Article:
Adapting iframe height to its content with 2 lines of javascript

In a project, I have to use an iframe and I need that its height is automatically calculated based on its content. However is not possible to accomplish this by simply setting the attribute height to 100%, instead we must smartly use javascript to dynamically assign that value after a computation. The solution I’m going to show you is not 100% my work but instead an optimization and a better implementation of clever intuitions I found on the web.
The “trick” works in this way:

1. The iframe should has an ID assigned:


2. the page loaded into the iframe should contains all the html into an “easy retrievable” container (a div with an ID is perfect!):

<div id="content">
    <div style="background: red; width: 400px; height: 120px"></div>
    <div style="background: green; width: 400px; height: 300px"></div>
    <div style="background: yellow; width: 400px; height: 60px"></div>

3. on the iframe’s page “onload” event, a function will be executed to adjust its height:

function resizeIframe(iframeID)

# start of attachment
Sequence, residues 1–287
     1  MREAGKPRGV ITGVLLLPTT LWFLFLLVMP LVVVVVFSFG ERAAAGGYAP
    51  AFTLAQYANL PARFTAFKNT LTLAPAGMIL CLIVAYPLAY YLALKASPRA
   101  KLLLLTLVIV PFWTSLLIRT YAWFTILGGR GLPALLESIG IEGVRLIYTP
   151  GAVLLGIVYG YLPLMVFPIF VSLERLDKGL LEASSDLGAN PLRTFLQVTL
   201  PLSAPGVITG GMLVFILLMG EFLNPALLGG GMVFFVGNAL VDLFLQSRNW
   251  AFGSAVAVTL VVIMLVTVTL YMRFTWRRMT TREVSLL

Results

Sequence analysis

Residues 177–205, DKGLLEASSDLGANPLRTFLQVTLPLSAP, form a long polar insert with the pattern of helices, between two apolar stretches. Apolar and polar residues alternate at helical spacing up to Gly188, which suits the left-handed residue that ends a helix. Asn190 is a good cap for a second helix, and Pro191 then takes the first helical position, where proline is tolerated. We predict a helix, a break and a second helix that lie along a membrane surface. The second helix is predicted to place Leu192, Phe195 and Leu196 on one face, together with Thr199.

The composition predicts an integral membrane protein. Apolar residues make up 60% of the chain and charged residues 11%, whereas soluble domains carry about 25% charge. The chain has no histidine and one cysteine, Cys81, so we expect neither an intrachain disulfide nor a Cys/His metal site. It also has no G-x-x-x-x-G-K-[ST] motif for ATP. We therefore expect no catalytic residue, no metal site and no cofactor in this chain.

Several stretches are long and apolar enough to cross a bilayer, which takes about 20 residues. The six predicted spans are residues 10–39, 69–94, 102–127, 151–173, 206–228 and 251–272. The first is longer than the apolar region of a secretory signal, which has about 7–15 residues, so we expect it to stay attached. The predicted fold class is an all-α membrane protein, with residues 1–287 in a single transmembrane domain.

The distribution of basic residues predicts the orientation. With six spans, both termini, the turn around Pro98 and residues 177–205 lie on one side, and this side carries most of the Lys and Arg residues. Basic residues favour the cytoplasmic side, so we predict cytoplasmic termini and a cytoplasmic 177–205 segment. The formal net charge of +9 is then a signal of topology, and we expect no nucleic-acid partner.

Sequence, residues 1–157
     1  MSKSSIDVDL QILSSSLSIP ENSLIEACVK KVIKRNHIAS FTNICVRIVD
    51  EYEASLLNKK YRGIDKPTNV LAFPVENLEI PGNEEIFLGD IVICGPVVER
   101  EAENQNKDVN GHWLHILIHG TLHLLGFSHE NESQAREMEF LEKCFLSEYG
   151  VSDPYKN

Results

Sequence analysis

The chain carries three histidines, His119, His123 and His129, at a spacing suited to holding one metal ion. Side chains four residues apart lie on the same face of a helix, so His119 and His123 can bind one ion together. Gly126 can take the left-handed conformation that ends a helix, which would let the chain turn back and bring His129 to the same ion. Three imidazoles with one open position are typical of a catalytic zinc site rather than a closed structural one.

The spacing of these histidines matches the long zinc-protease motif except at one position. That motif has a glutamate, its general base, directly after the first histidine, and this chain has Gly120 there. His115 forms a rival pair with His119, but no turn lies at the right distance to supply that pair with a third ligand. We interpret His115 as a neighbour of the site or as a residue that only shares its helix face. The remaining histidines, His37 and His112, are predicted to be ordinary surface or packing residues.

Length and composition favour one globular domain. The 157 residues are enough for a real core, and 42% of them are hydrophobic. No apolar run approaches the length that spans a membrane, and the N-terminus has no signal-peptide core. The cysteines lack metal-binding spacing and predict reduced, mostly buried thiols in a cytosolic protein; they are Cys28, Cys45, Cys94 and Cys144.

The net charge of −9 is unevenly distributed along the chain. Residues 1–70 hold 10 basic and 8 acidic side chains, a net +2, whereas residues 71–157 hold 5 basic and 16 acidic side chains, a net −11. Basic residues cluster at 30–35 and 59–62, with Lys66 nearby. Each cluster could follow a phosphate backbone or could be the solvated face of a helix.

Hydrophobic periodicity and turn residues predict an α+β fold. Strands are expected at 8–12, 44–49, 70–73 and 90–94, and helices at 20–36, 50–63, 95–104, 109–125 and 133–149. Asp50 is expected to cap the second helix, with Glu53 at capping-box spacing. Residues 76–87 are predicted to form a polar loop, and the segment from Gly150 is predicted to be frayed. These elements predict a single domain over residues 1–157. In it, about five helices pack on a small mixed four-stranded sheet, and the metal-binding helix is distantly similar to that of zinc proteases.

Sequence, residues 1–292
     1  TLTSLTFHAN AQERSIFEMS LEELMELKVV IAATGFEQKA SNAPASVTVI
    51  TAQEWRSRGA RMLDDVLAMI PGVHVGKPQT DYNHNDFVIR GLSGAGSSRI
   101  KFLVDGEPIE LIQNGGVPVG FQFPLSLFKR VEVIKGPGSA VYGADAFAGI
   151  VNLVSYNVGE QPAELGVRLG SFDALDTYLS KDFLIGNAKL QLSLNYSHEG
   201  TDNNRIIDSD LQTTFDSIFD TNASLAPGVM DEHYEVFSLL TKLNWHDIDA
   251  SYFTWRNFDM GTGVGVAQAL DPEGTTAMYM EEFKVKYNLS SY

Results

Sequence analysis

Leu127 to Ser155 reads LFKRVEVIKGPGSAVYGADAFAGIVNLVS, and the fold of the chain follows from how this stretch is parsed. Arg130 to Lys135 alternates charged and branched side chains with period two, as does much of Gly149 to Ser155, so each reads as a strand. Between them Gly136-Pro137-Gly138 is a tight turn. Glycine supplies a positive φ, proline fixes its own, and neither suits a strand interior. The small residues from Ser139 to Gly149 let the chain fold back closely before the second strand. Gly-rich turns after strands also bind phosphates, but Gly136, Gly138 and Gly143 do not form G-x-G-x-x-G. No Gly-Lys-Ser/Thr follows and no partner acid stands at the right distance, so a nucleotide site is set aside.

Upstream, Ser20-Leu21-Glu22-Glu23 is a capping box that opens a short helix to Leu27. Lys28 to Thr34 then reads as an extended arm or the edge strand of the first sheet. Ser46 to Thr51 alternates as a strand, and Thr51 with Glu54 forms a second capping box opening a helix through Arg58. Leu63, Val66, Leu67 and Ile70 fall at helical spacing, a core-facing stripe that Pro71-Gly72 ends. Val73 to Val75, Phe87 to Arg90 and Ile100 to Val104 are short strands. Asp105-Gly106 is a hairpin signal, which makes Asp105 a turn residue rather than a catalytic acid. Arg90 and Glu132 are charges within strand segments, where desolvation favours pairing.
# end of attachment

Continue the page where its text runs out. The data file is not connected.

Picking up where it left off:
var iframe = window.parent.document.getElementById(iframeID);
    var container = document.getElementById('content'); = container.offsetHeight + 'px';			

Flex 4 (Gumbo) beta released!

Flex 4 beta (codename: Gumbo) has been released, I just finished to read about the new major release. These are the main news:

  1. Improved compiler performance
  2. New skinning and component architecture (named Spark)
  3. Added suppurt to FXG (learn more about FXG)
  4. New states model
  5. ASDoc tool has been improved and is now possible to use ASDoc tags in mxml documents
  6. CSS has been improved to support descendant and id selectors (finally the previous missing “cascading part” of CSS has been provided!)
  7. Backwards compatibility with Flex 3

The new sdk is available on Adobe Labs

More about Gumbo here:

An Introduction to the Gumbo Component Architecture (by Deepa Subramaniam)
What’s new in Flex 4 SDK beta (by Matt Chotin)
Differences between Flex 3 and Flex 4 (by Joan Lafferty)